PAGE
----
Precarious Housing

In the wake of recent events, such as the dip in the economy and the COVID-19 pandemic, public housing and its tenants have been forced to undergo various changes. What this means is an exacerbation of an already tenuous state of affairs in terms of government housing and those who rely on it.

With the advent of the COVID-19 virus, it is no secret that isolation was one of the many measures taken by the Australian government in an attempt to contain the virus as well as prevent other possible disease carriers from getting into the country. However, this process of action was enforced perhaps over-zealously. Many of the people in public housing are lower-class, and “some of the most vulnerable people” in the country, with little voice in the community. Alan Morris has brought to light some of the more inhumane acts that have been done by government officials against people in public housing, including one instance where tenants of a public housing apartment were held inside against their will by police officers. They were not allowed outside for any reason, “no food, no exercise or medicine, nothing”. Given that the people who are living in public housing are those who most likely have very little income and welfare, this kind of action taken by the government rings of taking things too far. This manner of treatment towards tenants of public housing has “raised criticisms” of public housing affairs, and brought to light the poor treatment of those who use public housing.

The government has a habit of “starving public housing of the funding it needs”.

It is to be noted that quarantine in public housing is not akin to quarantine in a house or privately owned apartments. “Public housing is well known for its high density-poorly maintained conditions”, Julia Carr-Catzel says. While in a privately owned apartment there are also many people in close proximity, public housing is often not optimized in the same way, resulting in many people living far too close to one another. This has led some to compare the towers to cruise ships. In such close quarters, the risk posed by infectious and contagious diseases is a real and grim threat, especially when one takes into account how the COVID-19 virus is typically spread. A single infected person could very well spell disaster for an entire tower of publicly housed people.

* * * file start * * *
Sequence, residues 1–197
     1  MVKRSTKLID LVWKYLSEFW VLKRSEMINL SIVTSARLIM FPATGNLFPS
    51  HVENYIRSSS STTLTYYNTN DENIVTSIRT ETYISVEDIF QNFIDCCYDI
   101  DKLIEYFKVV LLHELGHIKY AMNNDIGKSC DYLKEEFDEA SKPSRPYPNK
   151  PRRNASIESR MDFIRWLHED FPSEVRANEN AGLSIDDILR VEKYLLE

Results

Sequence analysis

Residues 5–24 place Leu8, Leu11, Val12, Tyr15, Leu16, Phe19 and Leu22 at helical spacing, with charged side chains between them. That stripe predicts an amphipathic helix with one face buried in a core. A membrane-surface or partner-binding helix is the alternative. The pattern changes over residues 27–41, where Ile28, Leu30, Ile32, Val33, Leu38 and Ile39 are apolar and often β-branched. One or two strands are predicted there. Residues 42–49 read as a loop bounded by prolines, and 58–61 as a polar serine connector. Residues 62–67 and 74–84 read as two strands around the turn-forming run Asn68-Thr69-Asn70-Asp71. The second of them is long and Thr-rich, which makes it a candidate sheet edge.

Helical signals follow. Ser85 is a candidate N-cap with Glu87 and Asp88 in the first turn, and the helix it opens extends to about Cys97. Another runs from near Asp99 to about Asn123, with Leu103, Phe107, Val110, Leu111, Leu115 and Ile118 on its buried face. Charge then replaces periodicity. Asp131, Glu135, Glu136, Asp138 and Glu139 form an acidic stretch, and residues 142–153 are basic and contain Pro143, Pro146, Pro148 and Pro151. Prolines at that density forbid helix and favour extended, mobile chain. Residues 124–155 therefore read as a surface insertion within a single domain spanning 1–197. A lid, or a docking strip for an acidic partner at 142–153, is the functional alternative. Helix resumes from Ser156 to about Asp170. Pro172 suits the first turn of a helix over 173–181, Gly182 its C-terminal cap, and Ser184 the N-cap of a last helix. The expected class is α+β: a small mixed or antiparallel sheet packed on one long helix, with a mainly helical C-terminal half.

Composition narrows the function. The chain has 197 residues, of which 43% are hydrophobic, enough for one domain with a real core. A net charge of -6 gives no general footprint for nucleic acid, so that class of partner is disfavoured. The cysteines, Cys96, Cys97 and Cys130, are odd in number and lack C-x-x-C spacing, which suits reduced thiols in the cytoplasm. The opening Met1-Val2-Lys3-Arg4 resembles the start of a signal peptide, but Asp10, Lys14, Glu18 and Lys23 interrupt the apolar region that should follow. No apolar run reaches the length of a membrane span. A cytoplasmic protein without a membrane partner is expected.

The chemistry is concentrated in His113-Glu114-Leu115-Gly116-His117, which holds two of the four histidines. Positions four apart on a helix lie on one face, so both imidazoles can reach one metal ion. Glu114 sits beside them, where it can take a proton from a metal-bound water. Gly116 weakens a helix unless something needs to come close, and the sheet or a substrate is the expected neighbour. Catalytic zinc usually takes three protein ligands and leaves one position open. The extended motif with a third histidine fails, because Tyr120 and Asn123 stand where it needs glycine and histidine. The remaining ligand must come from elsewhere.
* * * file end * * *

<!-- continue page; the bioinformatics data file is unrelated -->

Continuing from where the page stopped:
This problem has not gone unnoticed or ignored by the Australian government, however, which may be of great news to those who are stuck in the less than ideal conditions of public housing in the present. While the waiting list for people who are set to move into public housing is predicted to grow to “a hundred thousand people by 2021” in the state of Victoria, New South Wales and and the Australian Capital Territory are already redirecting some funds towards public housing and improving conditions for those people who rely on public housing for shelter. In the fallout of the COVID-19 crisis, the New South Wales federal government has pledged enough funding to the public housing sector to be able to afford over seven hundred new public homes for those who need it. “Under the agreement between the National Housing Finance and Investment Corporation and NSW Land and Housing Corporation, $100 million in loans and grants will be provided through the $1 billion National Housing Infrastructure Facility.” This is a clear step in the right direction for those who are willing and able to do something about the public housing situation. Moreover, many of these new public housing estates are not apartment-style towers like before, but are individual houses in a more suburban setting, therefore cutting down on the likelihood of contagious diseases like COVID-19 being transmitted from person to person so easily. Whether this is a sustainable plan is uncertain, as Fiona Ross says that the government has a habit of “starving public housing of the funding it needs”. The Australian government, if they want to continue their plan of bettering the lives of tenants of public housing, needs to continue to renovate and re-think their policies towards that sector. Those who are not fortunate enough to make it onto the list of public housing are also in need of consideration, as the fewer homeless people there are on the streets, the better.

Overall, the COVID-19 pandemic has highlighted just how far the public housing sector has to go before it can be called satisfactory. This may be a blessing in disguise, because while the pandemic has claimed many lives and disrupted the lifestyles of many more, the fact of the matter is that without the lockdown and quarantine, problems with public housing may have gone unnoticed for many years to come.

Friday 9th of October, 2020

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